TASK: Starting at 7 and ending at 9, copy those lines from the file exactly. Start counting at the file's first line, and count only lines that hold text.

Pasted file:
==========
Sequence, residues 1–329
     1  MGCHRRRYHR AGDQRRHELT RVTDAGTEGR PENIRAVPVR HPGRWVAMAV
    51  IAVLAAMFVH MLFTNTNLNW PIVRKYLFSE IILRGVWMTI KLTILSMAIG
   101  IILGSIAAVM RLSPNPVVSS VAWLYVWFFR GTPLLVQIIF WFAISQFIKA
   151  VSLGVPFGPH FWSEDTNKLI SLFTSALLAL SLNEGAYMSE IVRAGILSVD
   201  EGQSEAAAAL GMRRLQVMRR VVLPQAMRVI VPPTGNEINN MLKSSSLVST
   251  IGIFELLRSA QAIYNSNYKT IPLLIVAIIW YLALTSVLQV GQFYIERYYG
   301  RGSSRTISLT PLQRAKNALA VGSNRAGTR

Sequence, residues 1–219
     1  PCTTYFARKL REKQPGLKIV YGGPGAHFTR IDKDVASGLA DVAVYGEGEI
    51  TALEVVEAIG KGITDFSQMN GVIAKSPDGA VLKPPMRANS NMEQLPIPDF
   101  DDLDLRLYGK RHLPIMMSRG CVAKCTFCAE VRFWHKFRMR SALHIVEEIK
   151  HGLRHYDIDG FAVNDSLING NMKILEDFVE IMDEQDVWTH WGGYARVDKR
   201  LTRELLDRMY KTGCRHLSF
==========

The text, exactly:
   251  IGIFELLRSA QAIYNSNYKT IPLLIVAIIW YLALTSVLQV GQFYIERYYG
   301  RGSSRTISLT PLQRAKNALA VGSNRAGTR

Sequence, residues 1–219